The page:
ARL Public Affairs
ABERDEEN PROVING GROUND, MD (October 27, 2015) — An Army artist is making a difference at the U.S. Army Research Laboratory.
Autumn Kulaga is a biomedical illustrator at ARL. She uses CT scans to create a variety of 2-D and 3-D medical illustrations and animations, other graphic designs, data visualizations and 3-D models. All of these are used to clearly and succinctly communicate and visualize the injuries sustained.
Depicting injuries is not always easy using injury photographs and medical imaging, such as computerized tomography, or CT, scans. Scans do not necessarily highlight the injury of interest and, as a result, include unnecessary information such as unaffected body tissue and non-related injuries. They also sometimes reveal personally identifying features. Also, customers served by the ARL Survivability/Lethality Analysis Directorate, known as ARL-SLAD, are often not experts in anatomy, and benefit from illustrations to understand and analyze the injury depicted. ARL develops custom medical art and illustrations to help analysts visualize, archive and communicate pertinent information about injuries.
“I have always gravitated towards art and science,” Kulaga said. “To me these subjects are symbiotic, and therefore medical illustration seemed like a great path forward for my career. Not only does this let me use my creative talents on a daily basis, but I am constantly learning new material as I become involved in different projects.”
Kulaga began working for ARL in 2007 as an intern. Her first big project was the Visual Anatomical Injury Descriptor, known as visualAID. She worked with team members to create an interactive web-based application that associates anatomical images to the Abbreviated Injury Scale — an anatomical scoring system that captures a ranking of injury type and severity. The tool allows the analysts to compare multiple cases while protecting Soldiers’ anonymity.
Currently, Kulaga is creating medical illustrations for three programs that ARL-SLAD is involved in: the Warrior Injury Assessment Manikin, or WIAMan, Joint Trauma Analysis Protection of Injuries in Combat, and Joint Live-Fire Behind-Helmet Blunt Trauma. For WIAMan, Kulaga creates medical illustrations to clarify fracture patterns by only showing the bone and fractures that would be expected from under-body blast tests.
Kulaga’s injury illustrations depict injury patterns that occur commonly on the battlefield. These illustrations allow analysts to compare multiple injury-outcome scenarios without requiring photos that might not only violate patient privacy, but might also provide so much detail as to be confusing.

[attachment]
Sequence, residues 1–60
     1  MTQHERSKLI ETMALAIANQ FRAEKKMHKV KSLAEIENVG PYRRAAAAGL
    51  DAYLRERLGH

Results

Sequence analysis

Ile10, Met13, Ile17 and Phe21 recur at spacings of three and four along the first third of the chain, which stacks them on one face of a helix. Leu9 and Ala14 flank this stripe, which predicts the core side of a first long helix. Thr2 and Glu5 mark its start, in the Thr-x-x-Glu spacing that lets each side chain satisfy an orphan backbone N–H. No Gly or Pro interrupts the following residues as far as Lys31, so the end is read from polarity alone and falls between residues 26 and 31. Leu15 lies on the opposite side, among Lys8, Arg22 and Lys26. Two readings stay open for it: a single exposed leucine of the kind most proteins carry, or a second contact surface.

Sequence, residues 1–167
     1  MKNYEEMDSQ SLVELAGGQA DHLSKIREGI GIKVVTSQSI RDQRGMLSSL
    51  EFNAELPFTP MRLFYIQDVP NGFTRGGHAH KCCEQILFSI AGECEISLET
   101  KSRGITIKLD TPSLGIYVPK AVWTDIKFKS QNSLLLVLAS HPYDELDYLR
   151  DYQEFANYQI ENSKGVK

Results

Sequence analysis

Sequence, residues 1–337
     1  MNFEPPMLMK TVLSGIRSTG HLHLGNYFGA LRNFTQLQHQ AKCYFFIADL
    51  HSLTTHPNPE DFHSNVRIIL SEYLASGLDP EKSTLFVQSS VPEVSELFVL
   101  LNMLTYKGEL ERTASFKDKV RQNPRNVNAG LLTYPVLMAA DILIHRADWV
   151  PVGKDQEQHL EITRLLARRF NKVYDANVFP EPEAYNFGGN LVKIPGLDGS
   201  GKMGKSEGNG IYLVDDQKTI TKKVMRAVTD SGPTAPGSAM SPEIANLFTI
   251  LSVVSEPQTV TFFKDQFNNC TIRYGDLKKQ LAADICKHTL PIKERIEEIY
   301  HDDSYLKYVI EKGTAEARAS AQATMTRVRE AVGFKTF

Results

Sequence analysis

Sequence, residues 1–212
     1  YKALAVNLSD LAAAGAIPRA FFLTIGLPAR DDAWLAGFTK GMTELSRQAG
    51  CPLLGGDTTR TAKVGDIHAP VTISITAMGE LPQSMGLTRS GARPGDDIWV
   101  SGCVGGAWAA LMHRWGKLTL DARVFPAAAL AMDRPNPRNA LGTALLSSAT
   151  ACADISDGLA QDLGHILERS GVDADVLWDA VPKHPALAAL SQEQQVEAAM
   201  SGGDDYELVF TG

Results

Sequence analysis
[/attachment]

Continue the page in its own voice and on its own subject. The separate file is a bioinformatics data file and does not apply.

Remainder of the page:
Kulaga also creates medical illustrations that depict skeletal injuries seen during BHBT both for documentation and presentations. They are also used to quickly characterize and compare injuries from different tests. She records the fracture patterns from the various tests on a template illustration to allow for a quick visual comparison. Kulaga has received feedback that her illustrations make the analysis much more easily understood.
“Not only does medical illustration visually communicate, it serves as means to archive research throughout ARL,” Kulaga said. “Each illustration becomes its own story for that specific experiment, holding more detail and information than text alone can convey.”
Kulaga also applies her skills in graphic design and illustration on two other non-medical projects. For the ARL Vehicle Technology Directorate program called the Virtual Risk-informed Agile Maneuver Sustainment, or VRAMS, Kulaga is creating a 3-D rendering of a future concept environment for Army aviation that will allow for self-inspection, self-repair, and damage-based maneuvers that will result in substantially reducing costs of operation and sustainment. ARL will use Kulaga’s visualization products, such as storyboards and animation, to communicate the vision of how current research can work together in the future VRAMS system.
Another non-medical project she supports is the U.S. Army Program Executive Office Soldier initiative called blast mitigation. Kulaga has created illustrations to show the experiment set-up for each blast event, as well as diagrams that depict the different materiel blocks.
“It is clear from the breadth of application and customer response to her work, that she is helping ARL to better communicate its analysis across the Army,” said Stephanie Snead, branch chief of SLAD’s Warfighter Survivability Branch.
Editor’s note: The U.S. Army Research Laboratory is part of the U.S. Army Research, Development and Engineering Command, which has the mission to ensure decisive overmatch for unified land operations to empower the Army, the joint warfighter and our nation. RDECOM is a major subordinate command of the U.S. Army Materiel Command.
Originally published at www.army.mil on October 27, 2015.